Masking tape is one of the simplest but most useful inventions. You can use it for several different requirements, such as to mark any area that you need to paint. You can also use it to cover any ripped surface on the wall or even to hold together something such as boxes. However, you should also notice that there are still many interesting facts about masking tape, and unfortunately not many people notice those facts. Here you can get some of those interesting facts.
Let us take a look briefly on the invention of masking tape first. This certain supply was invented by Dick Drew in 1925. He had an idea to create a special non-abrasive tape used for auto painting industry. He delivered this idea to 3M where he worked and his idea to invent this certain tape was accepted. As the result, now we can see a lot of types of masking tape available in the market in wide selection and even offered under several different brands. Here you go: http://www.empire-essentials.com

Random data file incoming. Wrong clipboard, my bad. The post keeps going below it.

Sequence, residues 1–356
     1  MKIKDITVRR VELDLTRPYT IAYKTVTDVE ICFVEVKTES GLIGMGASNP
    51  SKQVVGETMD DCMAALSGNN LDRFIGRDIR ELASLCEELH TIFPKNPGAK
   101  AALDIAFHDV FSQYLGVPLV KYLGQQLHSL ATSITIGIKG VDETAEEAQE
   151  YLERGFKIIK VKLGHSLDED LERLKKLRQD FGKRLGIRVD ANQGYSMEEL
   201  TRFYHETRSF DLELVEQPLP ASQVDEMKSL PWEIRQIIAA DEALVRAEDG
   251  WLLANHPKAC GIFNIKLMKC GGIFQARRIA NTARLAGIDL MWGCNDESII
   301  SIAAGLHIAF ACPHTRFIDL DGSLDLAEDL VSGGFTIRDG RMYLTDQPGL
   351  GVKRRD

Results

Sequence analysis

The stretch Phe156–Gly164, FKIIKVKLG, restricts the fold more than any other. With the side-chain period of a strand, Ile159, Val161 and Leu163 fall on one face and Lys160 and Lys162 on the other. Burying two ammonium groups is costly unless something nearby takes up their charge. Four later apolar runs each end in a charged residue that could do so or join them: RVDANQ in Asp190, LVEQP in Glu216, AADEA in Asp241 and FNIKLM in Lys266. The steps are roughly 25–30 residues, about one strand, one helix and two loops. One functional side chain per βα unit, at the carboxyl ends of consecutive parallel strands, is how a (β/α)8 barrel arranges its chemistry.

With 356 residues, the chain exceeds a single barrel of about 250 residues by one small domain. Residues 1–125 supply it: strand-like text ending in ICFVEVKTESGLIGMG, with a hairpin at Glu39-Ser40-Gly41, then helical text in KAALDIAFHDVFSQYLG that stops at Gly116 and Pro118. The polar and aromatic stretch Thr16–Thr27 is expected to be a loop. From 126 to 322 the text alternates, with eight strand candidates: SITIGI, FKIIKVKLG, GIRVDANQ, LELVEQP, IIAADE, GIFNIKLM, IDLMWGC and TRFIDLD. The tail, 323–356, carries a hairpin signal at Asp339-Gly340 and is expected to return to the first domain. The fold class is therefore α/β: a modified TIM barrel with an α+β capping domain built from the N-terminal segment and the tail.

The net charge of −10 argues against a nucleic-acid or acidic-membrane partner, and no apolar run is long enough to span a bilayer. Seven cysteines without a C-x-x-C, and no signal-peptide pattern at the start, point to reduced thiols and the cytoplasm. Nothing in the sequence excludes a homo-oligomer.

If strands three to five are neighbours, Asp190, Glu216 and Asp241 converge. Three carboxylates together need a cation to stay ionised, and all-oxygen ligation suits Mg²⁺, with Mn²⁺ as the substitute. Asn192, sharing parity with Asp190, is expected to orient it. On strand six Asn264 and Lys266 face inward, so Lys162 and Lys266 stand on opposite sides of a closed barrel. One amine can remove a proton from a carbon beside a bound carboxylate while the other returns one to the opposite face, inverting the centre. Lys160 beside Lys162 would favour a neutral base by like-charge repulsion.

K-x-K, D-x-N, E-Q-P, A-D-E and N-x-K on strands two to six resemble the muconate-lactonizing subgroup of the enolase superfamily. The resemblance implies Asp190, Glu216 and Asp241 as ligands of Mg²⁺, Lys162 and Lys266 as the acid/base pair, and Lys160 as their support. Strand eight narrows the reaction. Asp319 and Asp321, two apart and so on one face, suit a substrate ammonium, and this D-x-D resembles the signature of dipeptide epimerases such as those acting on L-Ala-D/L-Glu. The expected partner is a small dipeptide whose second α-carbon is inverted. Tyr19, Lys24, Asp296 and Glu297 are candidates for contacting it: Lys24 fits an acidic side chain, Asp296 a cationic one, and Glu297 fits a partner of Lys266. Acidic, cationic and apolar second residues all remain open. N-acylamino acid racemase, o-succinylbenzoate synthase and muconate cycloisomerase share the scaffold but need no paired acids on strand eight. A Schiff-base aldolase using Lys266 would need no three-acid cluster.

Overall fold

Many options of masking tape are available in a lot of different sizes and strength, so you can easily choose the most appropriate one for your needs. You can simply choose wide tape if you need to cover wide painted surface such as metal boxes or others, and choose small tape if you need to cover small painted surface. Since it is designed with stronger adherence, masking tape sticks easily to the surface. However, it will not cause any damage to the paint of the surface.
Duct tape is perhaps the most versatile tool found in homes today. This popular tape was first made in 1942 for the military by Johnson and Johnson. The first purpose of duct tape was to keep ammunition cases free of moisture during WWII, and because of its water proof properties it was referred to as “duck tape.” Here you go: http://www.empire-essentials.com
The tapes popularity increased as military personnel started to discover that it was useful to fix aircraft, guns, even jeeps when more conventional tools were not available. When the war was over, duct tape found a new, permanent place in American society when it was utilized in by the building industry to attach heating and cooling ductwork.
Duct tape soon evolved into a rainbow of shrink wrapped rolls stacked on store shelves. Consumers took notice and soon colored duct tape was a big seller, making this one of the mostly common household tools. The tape now is found in colors such as the traditional grey, red, blue, day glow, pink and even camo for hunters.